The Voynich manuscript is one of the most coveted bibliographic treasures known to man, a true password of sorts. Its origins (medieval, according to specialists) have been linked to Leonardo Da Vinci, Francis Bacon, the Aztecs, the Cathars, secret orders, Arab telepaths, the lost tribe of Israel, and even alien civilizations. The language that flows through its illustrated pages resembles many human languages, but it has yet to be translated to one of them. 

What use is a book that cannot be read? It is precisely the treasure of the unknown what bibliophiles, collectors and linguists alike have tried to discover in its parchment pages. The fictional solutions of the enigma have even led Indiana Jones, possibly the most famous explorer to date, to read in it the secret for finding the coveted philosopher’s stone, and since the 15th century the manuscript has appeared in letters, bookstore catalogues and national libraries, harvesting its quota of impossible and perplexed readers.

However, a scholar from Bedfordshire University, in England, claims he has penetrated the surface of the text just enough to extract a close translation of ten of its words. This event could be compared to the enthusiasm the first readers of the Rosetta Stone experienced just over a century ago, when they realized they had found the key to decipher Ancient Egypt’s language. With this new apparent find in the Voynich, all the illustrations of exotic plants, stellar formations and human figures that comprise it could be at our grasp. 

Expert in Semitic languages Stephen Bax, left specialists awestruck when he revealed the following handful of words: “Taurus”, “cilantro”, “hellebore” and “juniper”.

Is this, perhaps, a gourmet shopping-list, an astral catalogue or an inventory of magical plants used to conjure spirits? Nobody knows, just as nobody knows if these words are actually there. But Bax’s method for finding them seems sufficiently adequate. It consisted of identifying names that appear in the text more than once, and comparing them to Arabic manuscripts written during the same period. According to Bax, the text seems to describe, in addition to plants, the seven stars of the Pleiades.

Clearly, a work of this proportion requires the arduous work of more than one man. “My objective is to encourage other linguists to work with me to decipher the sequence… In this way, perhaps we will be able to understand what its mysterious authors were trying to tell us,” said the scholar. 

With his contribution, regardless of its results, he opened a small glimmer of hope: The Voynich manuscript is no longer considered (or at least not by all) a hoax or a metaphysical joke. Its language, as any other code, has rules; understanding them could allow us to transit through its jumbled pages as if it were a city we know by heart. In the meantime, its heavy pages keep secrets as treasures.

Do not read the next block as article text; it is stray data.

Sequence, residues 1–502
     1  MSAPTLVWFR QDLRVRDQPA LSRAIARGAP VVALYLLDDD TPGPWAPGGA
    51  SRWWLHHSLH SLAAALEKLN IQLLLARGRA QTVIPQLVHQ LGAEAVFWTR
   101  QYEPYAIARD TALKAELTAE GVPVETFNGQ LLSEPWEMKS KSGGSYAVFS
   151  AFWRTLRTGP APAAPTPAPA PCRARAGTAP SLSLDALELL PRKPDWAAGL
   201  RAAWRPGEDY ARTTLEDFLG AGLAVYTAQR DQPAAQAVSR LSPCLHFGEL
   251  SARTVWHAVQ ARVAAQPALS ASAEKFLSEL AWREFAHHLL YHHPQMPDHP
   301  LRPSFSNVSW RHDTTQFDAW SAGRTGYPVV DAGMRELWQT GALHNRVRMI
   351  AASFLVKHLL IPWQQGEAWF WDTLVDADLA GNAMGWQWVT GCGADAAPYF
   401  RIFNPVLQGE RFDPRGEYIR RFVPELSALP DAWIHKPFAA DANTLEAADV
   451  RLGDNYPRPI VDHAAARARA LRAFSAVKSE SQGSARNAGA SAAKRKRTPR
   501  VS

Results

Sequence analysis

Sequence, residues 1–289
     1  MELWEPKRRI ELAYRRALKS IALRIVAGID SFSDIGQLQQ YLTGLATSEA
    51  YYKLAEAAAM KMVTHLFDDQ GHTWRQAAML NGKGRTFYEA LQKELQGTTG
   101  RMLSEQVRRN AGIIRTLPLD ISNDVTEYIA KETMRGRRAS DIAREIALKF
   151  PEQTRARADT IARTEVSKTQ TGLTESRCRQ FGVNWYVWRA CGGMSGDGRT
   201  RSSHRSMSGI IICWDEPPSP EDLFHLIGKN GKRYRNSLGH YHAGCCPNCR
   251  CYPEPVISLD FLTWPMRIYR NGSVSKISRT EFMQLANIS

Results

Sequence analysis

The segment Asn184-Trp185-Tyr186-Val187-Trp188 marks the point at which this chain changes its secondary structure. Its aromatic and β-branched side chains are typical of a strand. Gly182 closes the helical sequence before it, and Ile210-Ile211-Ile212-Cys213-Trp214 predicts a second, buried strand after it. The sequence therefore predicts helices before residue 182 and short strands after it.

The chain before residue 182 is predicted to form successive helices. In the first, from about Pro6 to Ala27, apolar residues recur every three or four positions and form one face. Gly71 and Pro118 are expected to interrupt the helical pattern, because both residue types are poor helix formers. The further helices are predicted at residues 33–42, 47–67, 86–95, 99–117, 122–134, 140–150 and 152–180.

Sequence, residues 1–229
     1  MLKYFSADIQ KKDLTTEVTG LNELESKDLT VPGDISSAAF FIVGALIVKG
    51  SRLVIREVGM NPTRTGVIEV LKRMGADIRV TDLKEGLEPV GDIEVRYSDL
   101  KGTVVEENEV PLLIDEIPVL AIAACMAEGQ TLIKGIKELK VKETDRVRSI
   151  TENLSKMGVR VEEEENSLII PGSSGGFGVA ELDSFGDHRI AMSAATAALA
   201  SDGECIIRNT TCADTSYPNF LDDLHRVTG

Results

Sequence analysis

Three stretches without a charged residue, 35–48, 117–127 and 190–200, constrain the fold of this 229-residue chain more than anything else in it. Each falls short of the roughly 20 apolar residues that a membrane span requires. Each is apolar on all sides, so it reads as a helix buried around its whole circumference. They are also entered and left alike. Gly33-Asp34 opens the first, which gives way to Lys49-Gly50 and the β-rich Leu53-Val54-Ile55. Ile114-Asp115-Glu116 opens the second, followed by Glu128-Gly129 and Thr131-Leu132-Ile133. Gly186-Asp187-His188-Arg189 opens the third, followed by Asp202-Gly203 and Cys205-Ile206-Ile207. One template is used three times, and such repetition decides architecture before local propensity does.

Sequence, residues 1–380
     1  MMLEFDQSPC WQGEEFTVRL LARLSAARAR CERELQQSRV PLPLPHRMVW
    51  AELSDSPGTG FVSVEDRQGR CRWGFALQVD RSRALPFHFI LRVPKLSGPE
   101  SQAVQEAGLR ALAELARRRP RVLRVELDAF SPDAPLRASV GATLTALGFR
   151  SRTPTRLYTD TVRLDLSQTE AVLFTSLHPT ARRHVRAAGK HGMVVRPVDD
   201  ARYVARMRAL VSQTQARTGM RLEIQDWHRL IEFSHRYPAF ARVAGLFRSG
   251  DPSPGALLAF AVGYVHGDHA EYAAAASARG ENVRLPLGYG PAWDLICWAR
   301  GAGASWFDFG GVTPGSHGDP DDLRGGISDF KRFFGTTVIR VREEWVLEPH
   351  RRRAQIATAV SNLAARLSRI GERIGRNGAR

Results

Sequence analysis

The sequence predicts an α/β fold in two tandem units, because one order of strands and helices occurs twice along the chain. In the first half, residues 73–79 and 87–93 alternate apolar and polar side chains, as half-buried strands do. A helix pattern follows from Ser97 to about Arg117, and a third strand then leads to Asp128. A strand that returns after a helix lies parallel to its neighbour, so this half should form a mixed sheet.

The Voynich manuscript is one of the most coveted bibliographic treasures known to man, a true password of sorts. Its origins (medieval, according to specialists) have been linked to Leonardo Da Vinci, Francis Bacon, the Aztecs, the Cathars, secret orders, Arab telepaths, the lost tribe of Israel, and even alien civilizations. The language that flows through its illustrated pages resembles many human languages, but it has yet to be translated to one of them. 

What use is a book that cannot be read? It is precisely the treasure of the unknown what bibliophiles, collectors and linguists alike have tried to discover in its parchment pages. The fictional solutions of the enigma have even led Indiana Jones, possibly the most famous explorer to date, to read in it the secret for finding the coveted philosopher’s stone, and since the 15th century the manuscript has appeared in letters, bookstore catalogues and national libraries, harvesting its quota of impossible and perplexed readers.

However, a scholar from Bedfordshire University, in England, claims he has penetrated the surface of the text just enough to extract a close translation of ten of its words. This event could be compared to the enthusiasm the first readers of the Rosetta Stone experienced just over a century ago, when they realized they had found the key to decipher Ancient Egypt’s language. With this new apparent find in the Voynich, all the illustrations of exotic plants, stellar formations and human figures that comprise it could be at our grasp. 

Expert in Semitic languages Stephen Bax, left specialists awestruck when he revealed the following handful of words: “Taurus”, “cilantro”, “hellebore” and “juniper”.

Is this, perhaps, a gourmet shopping-list, an astral catalogue or an inventory of magical plants used to conjure spirits? Nobody knows, just as nobody knows if these words are actually there. But Bax’s method for finding them seems sufficiently adequate. It consisted of identifying names that appear in the text more than once, and comparing them to Arabic manuscripts written during the same period. According to Bax, the text seems to describe, in addition to plants, the seven stars of the Pleiades.

Clearly, a work of this proportion requires the arduous work of more than one man. “My objective is to encourage other linguists to work with me to decipher the sequence… In this way, perhaps we will be able to understand what its mysterious authors were trying to tell us,” said the scholar. 

With his contribution, regardless of its results, he opened a small glimmer of hope: The Voynich manuscript is no longer considered (or at least not by all) a hoax or a metaphysical joke. Its language, as any other code, has rules; understanding them could allow us to transit through its jumbled pages as if it were a city we know by heart. In the meantime, its heavy pages keep secrets as treasures. 

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